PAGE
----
Legal Ethics

Does lawyer have ethical duty to replace hacked client funds? It depends, ethics opinion says

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A lawyer who takes reasonable computer security precautions has no ethical responsibility to replace stolen client money when a hacker breaks into the network and pilfers trust account funds, according to an ethics opinion by the North Carolina State Bar.

The hacking hypothetical is one of seven scenarios involving stolen client funds addressed in the Oct. 23 ethics opinion. The ABA/BNA Lawyers’ Manual on Professional Conduct has a summary of the opinion, which cautions that it is not addressing a lawyer’s legal liability in such situations.

A prior North Carolina opinion addressed a lawyer’s duties to maintain computer security. Lawyers must educate themselves about the security risks of online banking, implement safety practices such as strong password practices, use encryption and security software, hire a technology consultant for advice, and ensure that staffers assisting with trust-account management receive training and abide by security measures.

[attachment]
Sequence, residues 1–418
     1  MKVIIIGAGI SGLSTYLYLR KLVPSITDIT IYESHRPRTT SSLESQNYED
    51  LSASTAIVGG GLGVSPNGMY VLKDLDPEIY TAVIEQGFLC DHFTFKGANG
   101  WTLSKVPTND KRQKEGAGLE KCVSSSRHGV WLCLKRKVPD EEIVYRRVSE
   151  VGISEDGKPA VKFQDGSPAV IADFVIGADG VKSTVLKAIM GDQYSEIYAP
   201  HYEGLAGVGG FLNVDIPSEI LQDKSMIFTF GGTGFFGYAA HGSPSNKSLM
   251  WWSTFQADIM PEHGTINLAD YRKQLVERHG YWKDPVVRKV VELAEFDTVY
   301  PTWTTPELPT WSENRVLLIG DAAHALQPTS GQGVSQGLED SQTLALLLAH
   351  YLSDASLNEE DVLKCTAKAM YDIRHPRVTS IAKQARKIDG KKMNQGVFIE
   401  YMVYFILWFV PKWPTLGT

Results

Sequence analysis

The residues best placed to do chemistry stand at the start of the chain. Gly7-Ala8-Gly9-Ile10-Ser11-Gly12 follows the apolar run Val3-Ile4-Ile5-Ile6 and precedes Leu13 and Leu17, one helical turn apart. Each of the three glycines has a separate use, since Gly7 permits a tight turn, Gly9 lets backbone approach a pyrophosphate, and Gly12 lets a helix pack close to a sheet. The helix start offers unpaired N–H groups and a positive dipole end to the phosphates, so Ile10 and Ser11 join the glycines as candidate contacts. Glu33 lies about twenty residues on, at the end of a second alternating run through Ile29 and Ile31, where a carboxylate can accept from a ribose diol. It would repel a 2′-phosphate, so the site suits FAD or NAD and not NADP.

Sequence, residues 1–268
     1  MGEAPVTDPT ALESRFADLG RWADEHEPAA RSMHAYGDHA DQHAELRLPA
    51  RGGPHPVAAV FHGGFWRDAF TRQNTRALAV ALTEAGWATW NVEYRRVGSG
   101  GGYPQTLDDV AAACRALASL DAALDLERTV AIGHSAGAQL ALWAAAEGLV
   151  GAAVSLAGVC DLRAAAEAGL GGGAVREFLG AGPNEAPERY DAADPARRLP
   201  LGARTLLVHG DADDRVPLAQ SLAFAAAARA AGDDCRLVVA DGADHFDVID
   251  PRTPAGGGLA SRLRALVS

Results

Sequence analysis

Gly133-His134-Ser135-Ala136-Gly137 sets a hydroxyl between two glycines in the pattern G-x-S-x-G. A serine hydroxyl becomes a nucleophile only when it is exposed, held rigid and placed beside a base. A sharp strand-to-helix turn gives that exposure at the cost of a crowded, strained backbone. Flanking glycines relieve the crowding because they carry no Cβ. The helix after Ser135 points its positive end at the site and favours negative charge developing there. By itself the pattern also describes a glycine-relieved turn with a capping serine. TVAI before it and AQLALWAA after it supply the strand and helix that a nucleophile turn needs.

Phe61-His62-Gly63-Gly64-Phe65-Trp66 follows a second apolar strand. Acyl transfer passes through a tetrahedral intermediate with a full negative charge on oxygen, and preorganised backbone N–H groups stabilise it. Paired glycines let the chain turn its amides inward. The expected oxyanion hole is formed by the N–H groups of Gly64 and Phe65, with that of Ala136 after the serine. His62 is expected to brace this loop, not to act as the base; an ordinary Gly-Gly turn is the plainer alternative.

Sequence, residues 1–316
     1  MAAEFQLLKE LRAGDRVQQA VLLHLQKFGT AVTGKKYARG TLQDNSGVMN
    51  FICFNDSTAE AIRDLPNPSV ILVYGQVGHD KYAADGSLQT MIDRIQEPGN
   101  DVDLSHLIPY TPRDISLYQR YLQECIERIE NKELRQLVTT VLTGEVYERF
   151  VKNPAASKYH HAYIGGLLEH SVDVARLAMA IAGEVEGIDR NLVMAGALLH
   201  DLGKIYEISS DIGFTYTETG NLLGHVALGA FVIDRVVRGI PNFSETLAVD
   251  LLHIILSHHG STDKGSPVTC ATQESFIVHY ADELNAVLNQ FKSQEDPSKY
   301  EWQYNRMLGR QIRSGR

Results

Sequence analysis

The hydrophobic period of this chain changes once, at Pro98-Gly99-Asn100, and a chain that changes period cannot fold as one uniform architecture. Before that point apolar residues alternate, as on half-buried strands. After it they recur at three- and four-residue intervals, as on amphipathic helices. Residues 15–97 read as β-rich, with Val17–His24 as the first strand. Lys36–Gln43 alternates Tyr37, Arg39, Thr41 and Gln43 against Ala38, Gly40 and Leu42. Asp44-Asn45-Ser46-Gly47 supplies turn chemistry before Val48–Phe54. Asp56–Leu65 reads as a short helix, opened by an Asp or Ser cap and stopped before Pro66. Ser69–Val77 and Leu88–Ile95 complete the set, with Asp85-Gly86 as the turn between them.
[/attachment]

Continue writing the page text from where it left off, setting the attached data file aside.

Lawyers who don’t take reasonable precautions may have an ethical responsibility to replace stolen client funds if the failure is the proximate cause of trust account theft, the opinion says.

Lawyers may also have a responsibility to replace stolen client funds in a different scenario involving a hacked email and a lack of reasonable care. In that hypothetical, a hacker gains information about a real estate transaction by hacking the email of the lawyer or other parties such as the realtor or the seller. The hacker then crates a “spoof” email address that is similar to that of the realtor or seller.

The spoof email instructs the lawyer to wire funds to an identified account, despite previous instructions to mail the check. The lawyer wires the money without first contacting the seller by telephone.

The lawyer has an ethical responsibility to replace the funds, the opinion says, because the lawyer failed to take reasonable security measures such as contacting the seller or confirming the seller’s email address. The lawyer could be reimbursed if the bank is found to be legally responsible or insurance covers the stolen funds.

Under all circumstances involving third-party theft of client funds, the lawyer owes duties to clients whose money was stolen, including notifying the clients of the theft and helping them identify ways to cover the losses, the opinion says.

Updated at 9:00 a.m. to remove doubled word.

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